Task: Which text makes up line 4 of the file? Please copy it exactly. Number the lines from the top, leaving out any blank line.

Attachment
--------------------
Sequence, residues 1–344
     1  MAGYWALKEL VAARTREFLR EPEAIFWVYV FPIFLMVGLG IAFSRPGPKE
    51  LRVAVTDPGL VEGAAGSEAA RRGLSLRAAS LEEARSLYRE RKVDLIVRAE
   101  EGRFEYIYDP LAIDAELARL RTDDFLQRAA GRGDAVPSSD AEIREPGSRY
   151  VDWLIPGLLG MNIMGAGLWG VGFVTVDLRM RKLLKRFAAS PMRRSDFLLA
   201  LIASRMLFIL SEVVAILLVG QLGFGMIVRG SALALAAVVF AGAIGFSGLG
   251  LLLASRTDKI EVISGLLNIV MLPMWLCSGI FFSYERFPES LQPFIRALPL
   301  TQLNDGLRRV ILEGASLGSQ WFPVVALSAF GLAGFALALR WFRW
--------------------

   101  EGRFEYIYDP LAIDAELARL RTDDFLQRAA GRGDAVPSSD AEIREPGSRY